Friday, September 23, 2011

Recycled plastic water bottles getting new use in coastal restoration project

Yes, another goal for treatment floating wetlands!  From local news in Louisiana:

"Bottles take up so much of our landfill and now, we can maybe use it to protect something that really needs protecting," said Nicole Waguespack, with Martin Ecosystems, a Baton Rouge-based company which developed the floating islands.
Full video at:

The islands are several inches thick and feel like brillo pads. They contain a series of holes, evenly spaced out, where marsh grasses can be planted. Each one holds between 50 to 60 plants a piece. The idea is, once the islands are anchored, the plants will grow and the roots will eventually collect sediment-- helping build new land within six months to a year.However, an unusual idea is now planting itself here. Over the next several days, 300 volunteers will work to assemble and plant floating islands, which are made out of recycled plastic water bottles.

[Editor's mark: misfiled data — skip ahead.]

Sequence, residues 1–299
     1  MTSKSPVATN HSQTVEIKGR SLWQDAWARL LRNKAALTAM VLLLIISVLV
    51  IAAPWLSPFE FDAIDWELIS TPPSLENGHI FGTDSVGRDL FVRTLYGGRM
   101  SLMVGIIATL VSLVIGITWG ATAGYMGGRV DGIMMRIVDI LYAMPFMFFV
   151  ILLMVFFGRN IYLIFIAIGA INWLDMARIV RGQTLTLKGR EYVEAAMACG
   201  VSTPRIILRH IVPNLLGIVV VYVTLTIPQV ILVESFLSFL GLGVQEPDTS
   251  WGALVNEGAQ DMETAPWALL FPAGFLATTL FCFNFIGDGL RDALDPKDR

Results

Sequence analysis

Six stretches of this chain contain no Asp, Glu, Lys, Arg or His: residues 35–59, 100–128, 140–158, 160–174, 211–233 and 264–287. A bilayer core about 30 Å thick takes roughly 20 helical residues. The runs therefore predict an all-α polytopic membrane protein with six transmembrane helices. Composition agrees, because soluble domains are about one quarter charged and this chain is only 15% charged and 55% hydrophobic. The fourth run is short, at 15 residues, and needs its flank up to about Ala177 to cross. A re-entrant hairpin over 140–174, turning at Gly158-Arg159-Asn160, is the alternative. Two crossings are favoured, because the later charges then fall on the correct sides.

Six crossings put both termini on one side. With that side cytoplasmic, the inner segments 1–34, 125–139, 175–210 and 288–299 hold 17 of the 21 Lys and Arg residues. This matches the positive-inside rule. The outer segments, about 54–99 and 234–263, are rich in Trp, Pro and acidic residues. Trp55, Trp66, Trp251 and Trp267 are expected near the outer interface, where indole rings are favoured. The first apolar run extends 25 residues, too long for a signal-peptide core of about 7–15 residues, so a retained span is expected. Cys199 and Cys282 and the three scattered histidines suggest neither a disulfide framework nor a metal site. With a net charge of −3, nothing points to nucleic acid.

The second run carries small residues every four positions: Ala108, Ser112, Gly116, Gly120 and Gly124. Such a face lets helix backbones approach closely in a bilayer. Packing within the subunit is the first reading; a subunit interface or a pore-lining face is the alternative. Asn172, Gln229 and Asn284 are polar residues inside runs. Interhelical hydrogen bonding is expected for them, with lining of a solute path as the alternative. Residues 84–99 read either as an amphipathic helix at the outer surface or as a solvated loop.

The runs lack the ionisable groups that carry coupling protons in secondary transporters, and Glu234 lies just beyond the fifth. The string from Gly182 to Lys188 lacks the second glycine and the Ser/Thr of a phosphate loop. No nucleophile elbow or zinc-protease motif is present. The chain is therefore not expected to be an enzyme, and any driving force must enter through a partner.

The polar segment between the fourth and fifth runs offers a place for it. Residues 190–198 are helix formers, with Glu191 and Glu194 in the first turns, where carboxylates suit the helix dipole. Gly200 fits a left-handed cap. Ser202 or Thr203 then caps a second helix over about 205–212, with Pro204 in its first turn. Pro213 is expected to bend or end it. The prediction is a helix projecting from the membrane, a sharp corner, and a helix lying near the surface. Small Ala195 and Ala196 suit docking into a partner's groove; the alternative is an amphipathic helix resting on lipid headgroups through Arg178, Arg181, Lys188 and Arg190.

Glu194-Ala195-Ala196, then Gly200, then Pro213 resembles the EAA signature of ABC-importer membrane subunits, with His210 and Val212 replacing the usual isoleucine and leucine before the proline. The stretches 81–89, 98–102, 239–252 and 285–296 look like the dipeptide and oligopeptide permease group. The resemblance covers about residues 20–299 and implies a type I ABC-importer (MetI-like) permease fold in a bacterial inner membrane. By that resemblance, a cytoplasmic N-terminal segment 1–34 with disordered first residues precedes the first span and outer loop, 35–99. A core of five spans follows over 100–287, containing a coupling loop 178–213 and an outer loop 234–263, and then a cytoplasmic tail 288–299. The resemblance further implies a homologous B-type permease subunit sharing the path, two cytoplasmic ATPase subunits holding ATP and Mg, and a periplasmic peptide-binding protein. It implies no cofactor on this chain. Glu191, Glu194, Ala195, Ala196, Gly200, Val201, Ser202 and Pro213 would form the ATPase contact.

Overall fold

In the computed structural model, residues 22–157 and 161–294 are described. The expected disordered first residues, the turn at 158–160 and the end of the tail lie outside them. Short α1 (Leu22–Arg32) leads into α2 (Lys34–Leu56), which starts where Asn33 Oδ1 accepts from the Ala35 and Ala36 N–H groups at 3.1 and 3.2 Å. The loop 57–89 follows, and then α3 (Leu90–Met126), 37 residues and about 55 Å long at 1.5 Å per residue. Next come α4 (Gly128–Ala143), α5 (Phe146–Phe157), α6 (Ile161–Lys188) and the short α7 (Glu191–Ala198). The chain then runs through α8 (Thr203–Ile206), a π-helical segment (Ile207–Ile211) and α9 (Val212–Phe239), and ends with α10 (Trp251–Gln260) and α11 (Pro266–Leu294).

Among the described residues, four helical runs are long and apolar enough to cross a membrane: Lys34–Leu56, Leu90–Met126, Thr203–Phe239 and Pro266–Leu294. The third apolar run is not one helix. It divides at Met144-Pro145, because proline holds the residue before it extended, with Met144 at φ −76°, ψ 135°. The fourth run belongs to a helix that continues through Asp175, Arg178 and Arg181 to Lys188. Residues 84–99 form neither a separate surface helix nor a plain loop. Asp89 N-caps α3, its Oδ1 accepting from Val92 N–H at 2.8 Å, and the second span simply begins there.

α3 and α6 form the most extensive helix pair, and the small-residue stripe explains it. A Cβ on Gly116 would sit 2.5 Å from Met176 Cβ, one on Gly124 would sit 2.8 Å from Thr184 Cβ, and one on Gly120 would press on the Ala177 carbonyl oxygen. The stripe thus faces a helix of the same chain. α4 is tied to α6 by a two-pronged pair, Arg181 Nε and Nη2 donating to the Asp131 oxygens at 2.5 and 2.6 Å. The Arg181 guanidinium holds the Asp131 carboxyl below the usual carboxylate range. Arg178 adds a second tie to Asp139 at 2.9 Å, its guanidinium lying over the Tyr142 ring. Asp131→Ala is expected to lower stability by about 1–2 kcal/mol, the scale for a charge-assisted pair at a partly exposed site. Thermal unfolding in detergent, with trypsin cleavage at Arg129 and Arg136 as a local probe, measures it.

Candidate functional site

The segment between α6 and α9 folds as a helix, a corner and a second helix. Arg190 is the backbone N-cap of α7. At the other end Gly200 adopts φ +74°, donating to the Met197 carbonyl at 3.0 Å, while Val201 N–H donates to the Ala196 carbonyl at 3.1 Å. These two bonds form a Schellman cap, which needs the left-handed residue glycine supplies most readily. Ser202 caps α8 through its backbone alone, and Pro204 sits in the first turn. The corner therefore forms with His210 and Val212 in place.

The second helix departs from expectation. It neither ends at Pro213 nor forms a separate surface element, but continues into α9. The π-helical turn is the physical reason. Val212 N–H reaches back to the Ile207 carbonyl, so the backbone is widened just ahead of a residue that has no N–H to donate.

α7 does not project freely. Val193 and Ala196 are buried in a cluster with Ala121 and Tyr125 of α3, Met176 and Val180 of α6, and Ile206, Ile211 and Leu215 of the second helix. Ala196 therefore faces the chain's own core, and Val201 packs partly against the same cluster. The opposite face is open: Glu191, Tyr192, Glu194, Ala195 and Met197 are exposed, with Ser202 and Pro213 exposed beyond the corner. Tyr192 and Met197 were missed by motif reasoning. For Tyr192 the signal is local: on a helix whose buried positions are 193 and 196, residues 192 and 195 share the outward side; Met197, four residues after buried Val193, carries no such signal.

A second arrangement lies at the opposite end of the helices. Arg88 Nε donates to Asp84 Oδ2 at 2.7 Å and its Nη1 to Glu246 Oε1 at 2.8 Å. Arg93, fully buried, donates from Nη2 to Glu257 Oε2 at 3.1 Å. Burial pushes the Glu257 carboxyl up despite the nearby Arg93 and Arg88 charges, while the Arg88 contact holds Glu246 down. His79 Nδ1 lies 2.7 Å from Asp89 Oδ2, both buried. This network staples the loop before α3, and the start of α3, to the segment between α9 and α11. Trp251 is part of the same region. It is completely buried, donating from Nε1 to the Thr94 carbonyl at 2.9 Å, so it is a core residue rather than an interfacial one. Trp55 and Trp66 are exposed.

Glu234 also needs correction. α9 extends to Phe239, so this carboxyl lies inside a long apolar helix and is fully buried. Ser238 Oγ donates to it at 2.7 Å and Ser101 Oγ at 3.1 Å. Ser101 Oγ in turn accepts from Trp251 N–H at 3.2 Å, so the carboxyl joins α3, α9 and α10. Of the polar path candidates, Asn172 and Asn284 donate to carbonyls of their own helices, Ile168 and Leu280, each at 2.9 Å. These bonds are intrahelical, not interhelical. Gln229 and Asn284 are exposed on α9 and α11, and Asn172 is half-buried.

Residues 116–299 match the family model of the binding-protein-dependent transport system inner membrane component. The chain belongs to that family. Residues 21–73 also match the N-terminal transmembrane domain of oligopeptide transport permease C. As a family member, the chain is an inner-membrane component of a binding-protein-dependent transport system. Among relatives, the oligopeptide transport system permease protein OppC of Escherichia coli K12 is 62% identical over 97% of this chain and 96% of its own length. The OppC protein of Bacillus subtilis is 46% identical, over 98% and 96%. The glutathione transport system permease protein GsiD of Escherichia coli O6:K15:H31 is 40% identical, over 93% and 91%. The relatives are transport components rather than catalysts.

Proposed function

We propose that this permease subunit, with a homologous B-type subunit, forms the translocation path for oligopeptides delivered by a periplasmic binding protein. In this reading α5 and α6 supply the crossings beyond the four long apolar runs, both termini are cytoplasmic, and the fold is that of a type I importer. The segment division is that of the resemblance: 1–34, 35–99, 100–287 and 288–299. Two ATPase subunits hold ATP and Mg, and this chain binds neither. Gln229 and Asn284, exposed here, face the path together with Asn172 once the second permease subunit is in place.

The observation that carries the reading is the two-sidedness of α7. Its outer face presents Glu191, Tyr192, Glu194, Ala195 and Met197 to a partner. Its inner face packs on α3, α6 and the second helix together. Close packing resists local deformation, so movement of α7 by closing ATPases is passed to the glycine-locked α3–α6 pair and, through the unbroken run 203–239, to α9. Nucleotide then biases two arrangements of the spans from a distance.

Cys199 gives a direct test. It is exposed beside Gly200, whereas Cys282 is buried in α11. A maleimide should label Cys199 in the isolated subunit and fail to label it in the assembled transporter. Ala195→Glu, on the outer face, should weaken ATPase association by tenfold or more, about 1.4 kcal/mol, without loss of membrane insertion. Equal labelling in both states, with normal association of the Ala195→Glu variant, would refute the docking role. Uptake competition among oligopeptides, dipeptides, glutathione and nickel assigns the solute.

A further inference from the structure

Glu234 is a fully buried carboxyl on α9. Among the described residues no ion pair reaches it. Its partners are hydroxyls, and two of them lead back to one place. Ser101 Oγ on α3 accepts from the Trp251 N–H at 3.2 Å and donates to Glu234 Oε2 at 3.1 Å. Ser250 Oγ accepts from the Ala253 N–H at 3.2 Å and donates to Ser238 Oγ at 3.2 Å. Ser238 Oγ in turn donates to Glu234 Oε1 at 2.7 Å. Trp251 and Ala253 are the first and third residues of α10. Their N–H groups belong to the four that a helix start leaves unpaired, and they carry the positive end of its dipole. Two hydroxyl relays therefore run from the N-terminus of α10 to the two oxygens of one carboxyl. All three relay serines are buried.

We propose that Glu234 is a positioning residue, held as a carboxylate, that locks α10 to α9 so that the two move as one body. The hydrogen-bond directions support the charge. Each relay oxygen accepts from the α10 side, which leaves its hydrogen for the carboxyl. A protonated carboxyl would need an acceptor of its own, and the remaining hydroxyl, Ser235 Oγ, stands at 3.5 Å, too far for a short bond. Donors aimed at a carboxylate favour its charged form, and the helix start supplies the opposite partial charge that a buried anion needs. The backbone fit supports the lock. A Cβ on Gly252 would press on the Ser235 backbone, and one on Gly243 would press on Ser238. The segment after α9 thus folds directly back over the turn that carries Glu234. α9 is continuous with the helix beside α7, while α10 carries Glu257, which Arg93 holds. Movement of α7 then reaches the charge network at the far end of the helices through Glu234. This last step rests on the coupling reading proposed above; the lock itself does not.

"We'll put the islands next to those existing marshes and they will act as a buffer to protect the current existing marshes," said Buddy Boe of America's Wetland Foundation. "What we're doing is a restoration and an experiment all at the same time."
The experiment doesn't come cheap, though. They're setting up 1,500 feet of floating islands at a cost of $80 a foot. The project was funded by several organizations and through grant money obtained by Terrebonne Parish.

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